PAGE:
Gluten Free The recent trend from the world of diets might have you saying no to wheat. Many advocates of this gluten-free diet warn that wheat gluten disorders are affecting an increasing number of people. They say that avoiding gluten — a hard-to-digest protein found in certain grains like wheat and rye — leads to better energy levels and removes ill-health. Singer Miley Cyrus and actress Gwyneth Paltrow have spoken in favour of it.

While Spanish tennis champion Rafael Nadal has slammed the obsession with gluten-free diets popularised by rival Novak Djokovic, the latter has attributed his rise in form to it. Djokovic altered his diet when he discovered that he was sensitive to gluten, which was said to be the reason for his mid-match collapses.

How gluten is the culprit
Gluten is ‘spongy’ and gives food the elastic ability to ‘hold’ together. It is found in pasta, bread, cookies, pizzas, etc and interferes with the absorption of nutrients. Today, an overwhelming number of people are said to suffer from Celiac Disease, an autoimmune disorder triggered by gluten ingestion, which is said to cause diarrhoea, weight loss and osteoporosis. When a person with Celiac eats or drinks anything containing gluten, the immune system responds by damaging the lining of the intestine. Unfortunately, Celiac is often mistaken for an eating disorder. The other culprit is the modern diet, which is high in refined wheat products and, in turn, leads to increased consumption of gluten.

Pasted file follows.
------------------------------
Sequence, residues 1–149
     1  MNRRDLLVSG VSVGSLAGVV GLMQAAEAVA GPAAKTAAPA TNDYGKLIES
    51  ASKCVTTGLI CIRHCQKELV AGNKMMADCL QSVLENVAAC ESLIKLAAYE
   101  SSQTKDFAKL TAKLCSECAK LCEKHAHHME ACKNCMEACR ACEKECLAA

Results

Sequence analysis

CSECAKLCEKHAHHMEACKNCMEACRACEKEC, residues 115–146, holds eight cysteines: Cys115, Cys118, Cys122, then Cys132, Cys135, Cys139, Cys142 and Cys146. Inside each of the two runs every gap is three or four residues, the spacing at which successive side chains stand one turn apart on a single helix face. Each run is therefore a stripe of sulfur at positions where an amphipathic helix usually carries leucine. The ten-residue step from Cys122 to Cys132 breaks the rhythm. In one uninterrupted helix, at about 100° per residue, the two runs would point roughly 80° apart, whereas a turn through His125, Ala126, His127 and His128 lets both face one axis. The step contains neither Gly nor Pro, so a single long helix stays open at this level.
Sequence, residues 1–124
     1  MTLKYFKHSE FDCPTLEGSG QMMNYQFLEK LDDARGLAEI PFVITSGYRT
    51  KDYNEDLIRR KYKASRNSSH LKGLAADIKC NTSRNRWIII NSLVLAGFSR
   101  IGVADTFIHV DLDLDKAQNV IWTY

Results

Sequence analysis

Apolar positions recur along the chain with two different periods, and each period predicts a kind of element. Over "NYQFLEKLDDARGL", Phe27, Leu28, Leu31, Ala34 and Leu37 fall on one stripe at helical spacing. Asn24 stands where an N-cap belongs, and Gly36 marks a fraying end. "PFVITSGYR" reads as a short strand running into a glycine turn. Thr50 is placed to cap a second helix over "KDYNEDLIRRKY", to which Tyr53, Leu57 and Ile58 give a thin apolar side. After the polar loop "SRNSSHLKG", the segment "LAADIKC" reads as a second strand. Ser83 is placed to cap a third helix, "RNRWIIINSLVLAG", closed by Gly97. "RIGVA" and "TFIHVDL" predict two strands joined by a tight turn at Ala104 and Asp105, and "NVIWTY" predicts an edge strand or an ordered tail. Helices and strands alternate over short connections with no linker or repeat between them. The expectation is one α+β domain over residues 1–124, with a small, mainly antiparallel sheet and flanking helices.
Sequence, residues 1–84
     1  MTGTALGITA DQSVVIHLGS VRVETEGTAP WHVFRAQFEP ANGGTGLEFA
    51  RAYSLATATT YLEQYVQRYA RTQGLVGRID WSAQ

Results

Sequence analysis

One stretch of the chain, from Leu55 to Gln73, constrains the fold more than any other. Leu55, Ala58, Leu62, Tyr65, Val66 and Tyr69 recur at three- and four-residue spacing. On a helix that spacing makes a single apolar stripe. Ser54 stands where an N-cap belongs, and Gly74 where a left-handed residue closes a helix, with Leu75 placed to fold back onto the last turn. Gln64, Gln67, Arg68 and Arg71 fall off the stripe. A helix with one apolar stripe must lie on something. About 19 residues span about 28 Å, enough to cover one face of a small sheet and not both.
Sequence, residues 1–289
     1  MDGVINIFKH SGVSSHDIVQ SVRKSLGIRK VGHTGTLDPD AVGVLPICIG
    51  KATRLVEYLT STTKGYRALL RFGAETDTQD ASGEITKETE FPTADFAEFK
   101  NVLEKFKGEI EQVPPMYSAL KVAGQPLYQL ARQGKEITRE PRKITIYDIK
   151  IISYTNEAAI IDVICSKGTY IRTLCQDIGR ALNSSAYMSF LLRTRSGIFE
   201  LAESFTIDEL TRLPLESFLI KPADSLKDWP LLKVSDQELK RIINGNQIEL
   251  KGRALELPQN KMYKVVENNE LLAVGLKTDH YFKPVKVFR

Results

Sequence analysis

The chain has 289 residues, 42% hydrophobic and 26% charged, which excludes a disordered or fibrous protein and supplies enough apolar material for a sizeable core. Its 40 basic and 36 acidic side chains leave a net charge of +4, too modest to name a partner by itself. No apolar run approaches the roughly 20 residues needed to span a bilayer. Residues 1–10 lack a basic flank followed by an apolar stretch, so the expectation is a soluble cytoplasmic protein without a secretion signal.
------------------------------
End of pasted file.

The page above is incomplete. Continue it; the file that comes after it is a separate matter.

What to eat and avoid

Allowed foods
Many foods are naturally gluten-free:
Beans, seeds, nuts in their natural, unprocessed form
Fresh eggs
Fresh meats, fish and poultry (not breaded, batter-coated or marinated)
Fruits and vegetables
Most dairy products

Not allowed
A strict gluten-free diet involves removing all foods, beverages and some medications that are made from gluten (with barley, rye, and wheat).

Avoid all food and drinks containing:
Barley (malt, malt flavouring and malt vinegar are usually made from barley)
Triticale (a cross between wheat and rye)

You can substitute

The diet is workable with the Indian food plan, says nutritionist Naini Setalvad. “We have many substitutes like bajra, jowar ragi, rajgira, singhada atta, white poha, kurmura and sabudana,” she explains. Alternative grains such as soya, quinoa, cornflour, millet, arrowroot, amaranth and rice flours all go with the gluten-free diet. She, however, warns, “If you stop dairy, as an Indian, you would feel less full.”

Read more

(Visited 53 times, 1 visits today)